January was warmer and wetter than average in the contiguous U.S., despite the persistent drought in the nation's heartland, the National Oceanic and Atmospheric Administration said Thursday.
The average temperature in the lower 48 states reached 32.0°F last month. At 1.6°F above the 20th century average, January 2013 ties 1958 as the 39th-warmest January on record.
That was still warm enough to make February 2012-to-January 2013 the warmest February-to-January period since record-keeping began in 1880, NOAA said in its monthly State of the Climate report.
The lower 48 states were slightly wetter than usual, with an average of 2.36 inches falling in January, 0.14 inch above the long-term average. But that average figure masks a sharp divide between the eastern and western halves of the country.
The West Coast, the central Rockies and portions of the Northern Plains, Southeast and Northeast were drier than normal, NOAA said. California, Connecticut and Florida each recorded one of its 10 driest Januarys.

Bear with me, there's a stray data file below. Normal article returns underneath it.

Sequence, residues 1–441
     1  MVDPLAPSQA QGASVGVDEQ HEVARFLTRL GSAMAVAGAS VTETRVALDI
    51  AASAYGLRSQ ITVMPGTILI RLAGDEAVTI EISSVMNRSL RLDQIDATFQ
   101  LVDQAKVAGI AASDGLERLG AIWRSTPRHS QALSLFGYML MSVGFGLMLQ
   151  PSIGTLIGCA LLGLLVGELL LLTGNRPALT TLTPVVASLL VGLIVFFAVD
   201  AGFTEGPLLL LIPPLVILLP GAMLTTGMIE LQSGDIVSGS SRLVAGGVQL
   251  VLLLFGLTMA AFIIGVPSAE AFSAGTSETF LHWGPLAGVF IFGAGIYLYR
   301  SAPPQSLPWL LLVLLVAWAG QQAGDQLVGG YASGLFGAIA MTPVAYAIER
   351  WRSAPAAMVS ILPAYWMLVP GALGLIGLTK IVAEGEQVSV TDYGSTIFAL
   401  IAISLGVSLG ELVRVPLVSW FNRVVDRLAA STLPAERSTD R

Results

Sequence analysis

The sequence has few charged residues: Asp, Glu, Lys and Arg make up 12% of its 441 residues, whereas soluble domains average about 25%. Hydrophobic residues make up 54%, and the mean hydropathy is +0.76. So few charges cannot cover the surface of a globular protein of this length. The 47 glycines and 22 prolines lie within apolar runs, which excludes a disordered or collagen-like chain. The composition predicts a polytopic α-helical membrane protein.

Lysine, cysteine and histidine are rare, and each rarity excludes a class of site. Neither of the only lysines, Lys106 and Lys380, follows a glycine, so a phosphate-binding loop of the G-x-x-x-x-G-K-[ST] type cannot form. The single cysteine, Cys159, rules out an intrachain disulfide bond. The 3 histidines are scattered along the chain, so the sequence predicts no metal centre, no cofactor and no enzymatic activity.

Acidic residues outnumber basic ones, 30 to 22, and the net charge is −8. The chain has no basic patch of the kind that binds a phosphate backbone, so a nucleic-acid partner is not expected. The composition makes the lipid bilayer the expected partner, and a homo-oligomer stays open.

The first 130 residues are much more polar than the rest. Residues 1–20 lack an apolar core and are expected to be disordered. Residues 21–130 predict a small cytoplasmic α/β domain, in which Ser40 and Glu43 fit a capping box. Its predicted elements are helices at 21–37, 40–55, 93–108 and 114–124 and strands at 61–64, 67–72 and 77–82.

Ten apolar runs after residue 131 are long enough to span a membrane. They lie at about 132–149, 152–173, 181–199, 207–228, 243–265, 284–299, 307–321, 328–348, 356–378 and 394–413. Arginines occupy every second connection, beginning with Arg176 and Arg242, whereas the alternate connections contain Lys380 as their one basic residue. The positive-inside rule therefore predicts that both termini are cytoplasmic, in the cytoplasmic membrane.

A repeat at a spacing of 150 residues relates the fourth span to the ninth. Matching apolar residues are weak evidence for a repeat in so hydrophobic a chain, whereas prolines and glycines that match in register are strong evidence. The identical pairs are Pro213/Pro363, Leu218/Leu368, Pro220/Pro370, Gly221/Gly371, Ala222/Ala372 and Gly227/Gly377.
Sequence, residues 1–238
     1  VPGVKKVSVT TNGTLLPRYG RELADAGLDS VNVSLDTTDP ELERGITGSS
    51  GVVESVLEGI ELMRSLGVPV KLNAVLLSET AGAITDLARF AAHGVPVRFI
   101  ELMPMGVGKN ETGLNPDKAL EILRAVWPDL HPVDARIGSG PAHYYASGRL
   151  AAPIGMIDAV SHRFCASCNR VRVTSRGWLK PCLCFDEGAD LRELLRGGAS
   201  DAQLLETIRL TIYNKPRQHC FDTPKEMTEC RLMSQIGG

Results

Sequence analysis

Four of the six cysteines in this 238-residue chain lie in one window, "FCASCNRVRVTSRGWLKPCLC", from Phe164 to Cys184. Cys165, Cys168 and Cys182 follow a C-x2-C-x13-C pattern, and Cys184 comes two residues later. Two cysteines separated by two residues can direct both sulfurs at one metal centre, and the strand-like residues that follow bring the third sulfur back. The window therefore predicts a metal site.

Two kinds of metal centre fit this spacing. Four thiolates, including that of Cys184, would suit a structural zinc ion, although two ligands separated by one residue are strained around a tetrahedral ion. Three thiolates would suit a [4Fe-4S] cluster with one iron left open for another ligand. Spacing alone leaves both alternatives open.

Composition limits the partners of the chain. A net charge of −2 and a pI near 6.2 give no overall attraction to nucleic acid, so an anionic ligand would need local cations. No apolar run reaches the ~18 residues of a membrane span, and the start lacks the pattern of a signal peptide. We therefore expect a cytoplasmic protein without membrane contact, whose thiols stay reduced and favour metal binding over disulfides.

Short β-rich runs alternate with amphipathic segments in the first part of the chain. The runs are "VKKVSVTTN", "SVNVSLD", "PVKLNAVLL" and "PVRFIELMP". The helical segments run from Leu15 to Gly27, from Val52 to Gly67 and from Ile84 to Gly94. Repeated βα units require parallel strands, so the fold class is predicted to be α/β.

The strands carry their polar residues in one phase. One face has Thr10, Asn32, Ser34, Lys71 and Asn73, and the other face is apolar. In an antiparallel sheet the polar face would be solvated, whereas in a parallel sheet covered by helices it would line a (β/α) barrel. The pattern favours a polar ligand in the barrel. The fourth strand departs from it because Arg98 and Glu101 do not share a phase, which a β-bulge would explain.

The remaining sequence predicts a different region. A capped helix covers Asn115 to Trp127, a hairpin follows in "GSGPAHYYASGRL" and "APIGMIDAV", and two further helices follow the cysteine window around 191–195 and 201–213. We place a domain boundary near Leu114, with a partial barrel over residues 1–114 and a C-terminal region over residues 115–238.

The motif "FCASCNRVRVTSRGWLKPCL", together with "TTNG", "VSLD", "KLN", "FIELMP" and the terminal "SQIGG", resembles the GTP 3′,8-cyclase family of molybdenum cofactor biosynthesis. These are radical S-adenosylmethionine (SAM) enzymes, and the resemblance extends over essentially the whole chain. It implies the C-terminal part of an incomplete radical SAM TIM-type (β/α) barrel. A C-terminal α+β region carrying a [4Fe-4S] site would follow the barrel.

But much of the East Coast was wetter than average last month, from the Southern Plains through the Mid-Atlantic states. Stormy conditions in Louisiana, Mississippi, Tennessee, Michigan and Virginia produced one of the 10 wettest Januarys ever in each of those states.
The total area covered by moderate-to-exceptional drought shrank 3.4 percentage points, to 57.l percent of the contiguous U.S., according to the U.S. Drought Monitor. The affected area included much of the Southeast, Great Plains and Mountain West.
Snow cover extent in the lower 48 states was slightly above-average last month, reaching 1.4 million square miles. In a broad swath of the Western U.S., mountain snowpack was “near-average,” NOAA said, with the exception of the drought-stricken Central and Southern Rockies, where it was much below average.